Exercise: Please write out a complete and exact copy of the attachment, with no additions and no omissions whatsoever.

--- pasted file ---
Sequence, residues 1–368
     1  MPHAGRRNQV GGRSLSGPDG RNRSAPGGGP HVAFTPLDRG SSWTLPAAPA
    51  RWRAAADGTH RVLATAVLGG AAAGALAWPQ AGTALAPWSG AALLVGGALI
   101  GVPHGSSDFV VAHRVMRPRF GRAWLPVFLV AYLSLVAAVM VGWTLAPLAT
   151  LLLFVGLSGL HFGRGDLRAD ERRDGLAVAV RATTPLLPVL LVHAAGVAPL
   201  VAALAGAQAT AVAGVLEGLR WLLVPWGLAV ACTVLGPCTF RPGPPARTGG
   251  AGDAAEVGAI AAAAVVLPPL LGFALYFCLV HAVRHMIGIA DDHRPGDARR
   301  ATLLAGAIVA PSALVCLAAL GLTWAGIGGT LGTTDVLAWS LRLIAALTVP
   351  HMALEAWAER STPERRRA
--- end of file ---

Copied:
Sequence, residues 1–368
     1  MPHAGRRNQV GGRSLSGPDG RNRSAPGGGP HVAFTPLDRG SSWTLPAAPA
    51  RWRAAADGTH RVLATAVLGG AAAGALAWPQ AGTALAPWSG AALLVGGALI
   101  GVPHGSSDFV VAHRVMRPRF GRAWLPVFLV AYLSLVAAVM VGWTLAPLAT
   151  LLLFVGLSGL HFGRGDLRAD ERRDGLAVAV RATTPLLPVL LVHAAGVAPL
   201  VAALAGAQAT AVAGVLEGLR WLLVPWGLAV ACTVLGPCTF RPGPPARTGG
   251  AGDAAEVGAI AAAAVVLPPL LGFALYFCLV HAVRHMIGIA DDHRPGDARR
   301  ATLLAGAIVA PSALVCLAAL GLTWAGIGGT LGTTDVLAWS LRLIAALTVP
   351  HMALEAWAER STPERRRA